Behind ’60 Minutes’ Show on Bishop Malone

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Bishop Richard J. Malone on Friday admitted he mishandled the reassignment of a priest who was accused of inappropriate contact with a child, but the embattled leader of Buffalo Catholics said he had no plans to resign.

In an interview with WBEN radio, the bishop said he had a “good” record on child abuse despite what he calls his recent “mistakes.”

“When I did sign off on his request to be a chaplain on a cruise ship, that was a mistake on my part, and I kick myself for having done that,” Malone told radio hosts Tom Bauerle and David Bellavia. “We had decided with Art Smith, because again, the Facebook incident did not rise to be technically sexual abuse, to keep him in some limited ministry.”

He added, “Now that backfired, too, because even sending him to work in a old folks home, in a nursing home, nothing happened with children but there was some inappropriate actions with adults. And so we were dealing with him but not in a way I would do it now. And I admit my failure there.”

Catholic League president Bill Donohue comments on the “60 Minutes” report on Bishop Richard J. Malone:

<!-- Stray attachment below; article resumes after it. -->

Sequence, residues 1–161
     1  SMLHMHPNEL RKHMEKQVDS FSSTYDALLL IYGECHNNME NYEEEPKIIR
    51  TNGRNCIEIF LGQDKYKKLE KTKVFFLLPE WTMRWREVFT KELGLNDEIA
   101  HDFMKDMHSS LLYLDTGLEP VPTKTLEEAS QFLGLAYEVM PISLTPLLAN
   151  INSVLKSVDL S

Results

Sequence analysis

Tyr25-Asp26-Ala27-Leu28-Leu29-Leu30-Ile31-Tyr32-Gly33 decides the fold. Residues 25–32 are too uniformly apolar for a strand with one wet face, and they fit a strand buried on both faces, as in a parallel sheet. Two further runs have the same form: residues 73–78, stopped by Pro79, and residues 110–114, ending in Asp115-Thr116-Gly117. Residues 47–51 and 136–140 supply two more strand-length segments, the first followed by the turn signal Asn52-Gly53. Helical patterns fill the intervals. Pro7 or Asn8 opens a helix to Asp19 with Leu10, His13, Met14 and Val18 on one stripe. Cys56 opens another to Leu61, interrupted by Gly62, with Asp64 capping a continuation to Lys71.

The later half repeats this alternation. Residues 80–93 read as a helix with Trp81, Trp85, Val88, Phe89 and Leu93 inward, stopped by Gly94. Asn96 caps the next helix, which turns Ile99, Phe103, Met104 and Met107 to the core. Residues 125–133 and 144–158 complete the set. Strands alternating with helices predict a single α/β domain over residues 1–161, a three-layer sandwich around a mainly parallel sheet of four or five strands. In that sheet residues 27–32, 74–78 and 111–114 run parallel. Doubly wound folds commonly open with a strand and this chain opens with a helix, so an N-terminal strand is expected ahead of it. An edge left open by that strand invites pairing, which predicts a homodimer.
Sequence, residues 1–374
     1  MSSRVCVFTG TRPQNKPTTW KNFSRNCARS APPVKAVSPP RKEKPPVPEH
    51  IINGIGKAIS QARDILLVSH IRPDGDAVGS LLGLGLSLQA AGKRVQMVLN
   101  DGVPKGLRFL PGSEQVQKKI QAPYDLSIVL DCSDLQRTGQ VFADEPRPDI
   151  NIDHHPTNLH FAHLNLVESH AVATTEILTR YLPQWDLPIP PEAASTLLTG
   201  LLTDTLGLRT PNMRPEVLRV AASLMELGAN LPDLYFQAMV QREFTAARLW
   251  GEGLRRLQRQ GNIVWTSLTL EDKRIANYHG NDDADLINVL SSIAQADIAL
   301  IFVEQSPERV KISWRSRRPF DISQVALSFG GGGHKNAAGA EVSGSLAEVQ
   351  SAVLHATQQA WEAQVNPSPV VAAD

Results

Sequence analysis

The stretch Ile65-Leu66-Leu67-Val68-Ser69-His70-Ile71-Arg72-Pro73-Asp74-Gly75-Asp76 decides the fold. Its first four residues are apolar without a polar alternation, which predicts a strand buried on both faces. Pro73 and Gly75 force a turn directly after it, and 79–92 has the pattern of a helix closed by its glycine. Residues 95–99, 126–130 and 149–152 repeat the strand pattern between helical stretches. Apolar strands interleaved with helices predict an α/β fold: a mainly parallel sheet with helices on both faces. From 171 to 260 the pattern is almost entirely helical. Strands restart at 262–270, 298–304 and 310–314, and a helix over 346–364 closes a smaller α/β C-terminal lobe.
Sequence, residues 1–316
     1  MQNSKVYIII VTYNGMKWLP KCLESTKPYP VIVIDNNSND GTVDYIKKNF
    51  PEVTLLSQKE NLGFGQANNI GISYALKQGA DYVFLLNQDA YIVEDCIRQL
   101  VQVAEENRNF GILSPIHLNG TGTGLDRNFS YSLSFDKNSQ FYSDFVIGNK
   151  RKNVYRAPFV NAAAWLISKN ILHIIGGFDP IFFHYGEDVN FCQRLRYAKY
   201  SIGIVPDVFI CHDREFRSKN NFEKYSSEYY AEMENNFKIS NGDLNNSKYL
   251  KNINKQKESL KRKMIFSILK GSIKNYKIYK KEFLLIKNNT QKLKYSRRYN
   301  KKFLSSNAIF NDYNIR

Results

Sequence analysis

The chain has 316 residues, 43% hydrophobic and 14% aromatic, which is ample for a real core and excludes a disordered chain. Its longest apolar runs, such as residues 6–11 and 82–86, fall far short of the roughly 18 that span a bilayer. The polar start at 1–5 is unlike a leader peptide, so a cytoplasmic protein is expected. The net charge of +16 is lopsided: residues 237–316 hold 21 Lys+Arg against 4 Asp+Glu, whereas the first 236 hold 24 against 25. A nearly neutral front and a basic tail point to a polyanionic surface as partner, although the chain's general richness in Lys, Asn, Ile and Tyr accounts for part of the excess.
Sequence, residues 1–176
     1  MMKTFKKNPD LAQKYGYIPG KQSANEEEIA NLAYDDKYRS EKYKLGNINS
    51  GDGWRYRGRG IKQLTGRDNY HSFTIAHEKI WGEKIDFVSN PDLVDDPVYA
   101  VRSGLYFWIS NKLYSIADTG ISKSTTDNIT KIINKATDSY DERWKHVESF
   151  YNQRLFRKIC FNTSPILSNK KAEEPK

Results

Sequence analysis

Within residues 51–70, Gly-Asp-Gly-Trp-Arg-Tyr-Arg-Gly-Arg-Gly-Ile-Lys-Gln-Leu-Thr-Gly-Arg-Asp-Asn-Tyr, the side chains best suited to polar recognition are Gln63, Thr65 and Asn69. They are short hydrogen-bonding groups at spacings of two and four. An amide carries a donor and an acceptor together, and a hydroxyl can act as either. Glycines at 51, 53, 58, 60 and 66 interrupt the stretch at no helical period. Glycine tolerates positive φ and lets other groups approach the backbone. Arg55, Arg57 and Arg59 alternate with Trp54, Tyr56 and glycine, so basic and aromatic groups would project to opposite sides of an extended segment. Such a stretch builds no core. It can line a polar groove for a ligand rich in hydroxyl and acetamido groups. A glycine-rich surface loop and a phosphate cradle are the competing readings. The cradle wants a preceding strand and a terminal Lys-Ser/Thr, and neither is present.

Buffalo Bishop Richard J. Malone didn’t come across too well on the October 28 edition of “60 Minutes.” But there is more to this story than what the CBS show aired. None of the parties to this story come to the table with their hands clean.
Bishop Malone has admitted making bad decisions, but he maintains that his overall record is defensible. The “60 Minutes” segment detailed some of those bad decisions. For example, giving Father Arthur Smith, a known homosexual predator, a clean slate, and then assigning him to the post of cruise ship chaplain was indefensible.
Some priests have come forward with complaints against Bishop Malone. Father Bob Zilliox contends there are eight or nine priests in the Buffalo diocese who should not be in the priesthood. If he is correct, then this would be a very serious situation, one in need of immediate redress.